SAR’s aviation hub status in line for a big push
Hong Kong is perfectly placed today as the major center for renminbi … the basis of opportunity to expand the renminbi market, there is no limit.”
The Belt and Road (B&R) Initiative would endow Hong Kong’s aviation sector with vast opportunities that would help ensure the city’s status as a major global aviation hub.
“The B&R Initiative will further unleash Hong Kong’s connectivity role in trade, tourism, people-to-people exchange, import and export of cargoes, as well as logistics; and this will generate future benefits for future generations,” Cathay Pacific Airways Chief Executive Ivan Chu Kwok-leung told China Daily on the sidelines of the roundtable forum.
Hong Kong is a major international aviation hub, with more than 100 airlines operating out of its airport, and is also the world’s third-largest cargo transportation hub. International visitor arrivals in the SAR are projected to exceed 70 million this year. A five-hour flight from Hong Kong can reach up to 48 percent of the population of the B&R economies.
The SAR’s flagship international carrier is banking on the local aviation sector reaping the long-term economic benefits from the strategic nation-led initiative. Currently, the travel-and-tourism industries account for 8 percent of employment created in Hong Kong, with 5,000 jobs in the airport area.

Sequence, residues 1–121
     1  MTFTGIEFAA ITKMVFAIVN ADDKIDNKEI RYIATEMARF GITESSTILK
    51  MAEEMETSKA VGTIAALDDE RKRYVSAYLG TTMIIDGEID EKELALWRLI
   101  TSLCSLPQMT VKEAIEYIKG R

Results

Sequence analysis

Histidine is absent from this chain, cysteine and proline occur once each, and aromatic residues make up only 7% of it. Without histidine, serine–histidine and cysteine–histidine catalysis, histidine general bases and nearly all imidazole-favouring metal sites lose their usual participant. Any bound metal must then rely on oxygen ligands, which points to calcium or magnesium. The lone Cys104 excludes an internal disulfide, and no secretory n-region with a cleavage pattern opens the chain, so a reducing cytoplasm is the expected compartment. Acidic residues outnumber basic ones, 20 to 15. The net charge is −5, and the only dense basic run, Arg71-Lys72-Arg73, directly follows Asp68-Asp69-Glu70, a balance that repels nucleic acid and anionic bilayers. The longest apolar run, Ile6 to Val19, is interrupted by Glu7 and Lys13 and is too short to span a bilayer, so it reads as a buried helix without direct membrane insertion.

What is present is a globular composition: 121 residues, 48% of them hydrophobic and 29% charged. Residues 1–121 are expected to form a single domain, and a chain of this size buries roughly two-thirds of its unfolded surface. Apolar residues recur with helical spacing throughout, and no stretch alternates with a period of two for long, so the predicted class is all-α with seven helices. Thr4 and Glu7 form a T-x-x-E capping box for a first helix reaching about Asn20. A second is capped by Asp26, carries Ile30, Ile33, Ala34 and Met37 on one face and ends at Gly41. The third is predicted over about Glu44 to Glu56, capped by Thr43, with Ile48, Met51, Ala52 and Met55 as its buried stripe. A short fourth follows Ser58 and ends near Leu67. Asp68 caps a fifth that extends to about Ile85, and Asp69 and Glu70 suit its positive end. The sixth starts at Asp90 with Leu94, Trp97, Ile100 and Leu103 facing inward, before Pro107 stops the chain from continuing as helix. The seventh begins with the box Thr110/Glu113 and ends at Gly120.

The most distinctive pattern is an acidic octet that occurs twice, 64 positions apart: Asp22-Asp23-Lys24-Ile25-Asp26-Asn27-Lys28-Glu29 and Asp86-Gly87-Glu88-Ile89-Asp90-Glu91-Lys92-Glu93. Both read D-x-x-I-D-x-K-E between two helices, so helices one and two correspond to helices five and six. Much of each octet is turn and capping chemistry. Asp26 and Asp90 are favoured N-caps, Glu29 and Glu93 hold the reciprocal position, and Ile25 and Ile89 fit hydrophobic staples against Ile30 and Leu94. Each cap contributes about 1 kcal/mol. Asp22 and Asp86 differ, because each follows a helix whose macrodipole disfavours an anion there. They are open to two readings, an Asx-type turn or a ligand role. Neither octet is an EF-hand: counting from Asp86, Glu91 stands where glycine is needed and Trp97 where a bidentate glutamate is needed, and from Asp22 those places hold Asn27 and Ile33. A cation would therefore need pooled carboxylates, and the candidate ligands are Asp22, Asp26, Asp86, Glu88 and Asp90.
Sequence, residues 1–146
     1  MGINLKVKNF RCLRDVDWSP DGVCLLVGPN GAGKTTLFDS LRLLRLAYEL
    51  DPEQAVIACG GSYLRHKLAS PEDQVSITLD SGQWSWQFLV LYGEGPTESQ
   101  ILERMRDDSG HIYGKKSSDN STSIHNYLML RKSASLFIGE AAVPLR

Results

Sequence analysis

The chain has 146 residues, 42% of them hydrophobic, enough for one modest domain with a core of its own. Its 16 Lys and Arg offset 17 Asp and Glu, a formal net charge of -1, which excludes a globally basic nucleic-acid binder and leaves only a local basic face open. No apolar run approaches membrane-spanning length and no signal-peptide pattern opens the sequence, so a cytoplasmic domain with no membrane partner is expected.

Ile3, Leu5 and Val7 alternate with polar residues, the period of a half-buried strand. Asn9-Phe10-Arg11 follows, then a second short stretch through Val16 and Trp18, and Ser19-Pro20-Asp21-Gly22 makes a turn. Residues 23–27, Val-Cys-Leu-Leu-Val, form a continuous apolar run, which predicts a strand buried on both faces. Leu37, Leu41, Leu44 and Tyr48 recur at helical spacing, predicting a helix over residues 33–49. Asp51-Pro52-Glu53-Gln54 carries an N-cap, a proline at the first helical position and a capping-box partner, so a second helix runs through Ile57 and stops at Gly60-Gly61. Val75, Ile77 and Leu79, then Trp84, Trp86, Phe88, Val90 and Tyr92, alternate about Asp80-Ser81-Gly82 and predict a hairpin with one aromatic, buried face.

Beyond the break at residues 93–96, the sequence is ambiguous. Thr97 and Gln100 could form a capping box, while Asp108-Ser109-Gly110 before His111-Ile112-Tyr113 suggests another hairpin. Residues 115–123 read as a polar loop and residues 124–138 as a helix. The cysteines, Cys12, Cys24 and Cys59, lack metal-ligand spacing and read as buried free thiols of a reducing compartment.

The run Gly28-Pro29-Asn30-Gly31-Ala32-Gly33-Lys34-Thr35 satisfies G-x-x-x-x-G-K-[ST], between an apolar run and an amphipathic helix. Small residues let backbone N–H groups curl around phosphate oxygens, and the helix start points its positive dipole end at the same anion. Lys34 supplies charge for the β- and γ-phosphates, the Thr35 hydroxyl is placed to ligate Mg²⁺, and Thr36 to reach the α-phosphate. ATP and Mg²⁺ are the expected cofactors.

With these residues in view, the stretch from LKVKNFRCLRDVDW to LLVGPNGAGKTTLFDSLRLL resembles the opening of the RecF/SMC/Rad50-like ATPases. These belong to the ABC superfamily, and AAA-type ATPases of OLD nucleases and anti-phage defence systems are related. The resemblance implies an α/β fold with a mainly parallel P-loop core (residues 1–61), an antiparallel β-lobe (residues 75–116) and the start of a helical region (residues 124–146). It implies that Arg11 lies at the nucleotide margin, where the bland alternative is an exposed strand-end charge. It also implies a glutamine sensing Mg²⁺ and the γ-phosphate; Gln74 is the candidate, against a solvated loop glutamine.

By 2024, Cathay Pacific will take delivery of more than 60 new aircraft costing HK$180 billion, which will bolster Hong Kong’s connectivity role by enhancing the frequency of services, as well as flight destinations.
Since 2014, the carrier has added seven new destinations — New York (Newark), Manchester, Zurich, Boston, Dusseldorf, Madrid and London (Gatwick). Having doubled the number of its European destinations in the past two years, the company currently operates almost 100 flights weekly to 10 European cities.
From March next year, Cathay Pacific Airways will commence a four-times weekly service to Tel Aviv, the business capital of Israel. Hopefully, this will be upgraded to a daily service in a bid to boost economic connectivity between the Chinese mainland and the B&R destinations, as well as between Asia Pacific countries and destinations along the B&R routes.
“The flight to Tel Aviv from Hong Kong can link up the mainland with Israeli technology, as there are trade and investment opportunities between Israel and the mainland. In addition, there are many Israeli investment funds with assets on the mainland,” Chu said.
“The Hong Kong-Tel Aviv route can also complement Israel’s role in the diamond processing business, with Hong Kong’s role as major jewelry distribution center,” he added.
Cathay Pacific is also contemplating launching a direct passenger service to Iran. However, the plan could not be realized until Hong Kong and Iran have finalized an aviation agreement.
“The B&R Initiative will bring benefits to future generations, so that I hope young people can embrace and engage themselves in this vision,” said Chu.
The audience listens attentively to the discussions among panelists at the China Daily Asia Leadership Roundtable Luncheon on Wednesday. The proliferation of investments along the Belt and Road routes is likely to bode well for Hong Kong — a major international aviation hub.
Mark Tucker, group chief executive and president of AIA Group